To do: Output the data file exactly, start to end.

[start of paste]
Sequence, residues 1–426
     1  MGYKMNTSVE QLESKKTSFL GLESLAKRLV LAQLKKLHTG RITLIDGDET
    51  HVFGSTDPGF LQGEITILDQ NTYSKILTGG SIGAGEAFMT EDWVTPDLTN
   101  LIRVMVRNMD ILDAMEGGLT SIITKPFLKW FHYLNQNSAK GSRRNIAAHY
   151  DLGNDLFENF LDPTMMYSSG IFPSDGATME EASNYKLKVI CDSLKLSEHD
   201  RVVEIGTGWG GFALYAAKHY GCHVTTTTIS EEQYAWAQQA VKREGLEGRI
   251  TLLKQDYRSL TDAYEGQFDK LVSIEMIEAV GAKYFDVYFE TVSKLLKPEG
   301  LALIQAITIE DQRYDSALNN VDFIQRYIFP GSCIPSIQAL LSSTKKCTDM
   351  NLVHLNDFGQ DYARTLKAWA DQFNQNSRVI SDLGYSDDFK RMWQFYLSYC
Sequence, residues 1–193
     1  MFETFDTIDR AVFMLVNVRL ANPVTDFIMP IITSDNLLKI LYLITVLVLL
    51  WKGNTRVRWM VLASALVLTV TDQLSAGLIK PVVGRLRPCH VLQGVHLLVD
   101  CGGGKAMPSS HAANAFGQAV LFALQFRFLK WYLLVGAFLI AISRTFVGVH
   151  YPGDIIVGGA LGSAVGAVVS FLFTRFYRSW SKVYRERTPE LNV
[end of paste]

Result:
Sequence, residues 1–426
     1  MGYKMNTSVE QLESKKTSFL GLESLAKRLV LAQLKKLHTG RITLIDGDET
    51  HVFGSTDPGF LQGEITILDQ NTYSKILTGG SIGAGEAFMT EDWVTPDLTN
   101  LIRVMVRNMD ILDAMEGGLT SIITKPFLKW FHYLNQNSAK GSRRNIAAHY
   151  DLGNDLFENF LDPTMMYSSG IFPSDGATME EASNYKLKVI CDSLKLSEHD
   201  RVVEIGTGWG GFALYAAKHY GCHVTTTTIS EEQYAWAQQA VKREGLEGRI
   251  TLLKQDYRSL TDAYEGQFDK LVSIEMIEAV GAKYFDVYFE TVSKLLKPEG
   301  LALIQAITIE DQRYDSALNN VDFIQRYIFP GSCIPSIQAL LSSTKKCTDM
   351  NLVHLNDFGQ DYARTLKAWA DQFNQNSRVI SDLGYSDDFK RMWQFYLSYC
Sequence, residues 1–193
     1  MFETFDTIDR AVFMLVNVRL ANPVTDFIMP IITSDNLLKI LYLITVLVLL
    51  WKGNTRVRWM VLASALVLTV TDQLSAGLIK PVVGRLRPCH VLQGVHLLVD
   101  CGGGKAMPSS HAANAFGQAV LFALQFRFLK WYLLVGAFLI AISRTFVGVH
   151  YPGDIIVGGA LGSAVGAVVS FLFTRFYRSW SKVYRERTPE LNV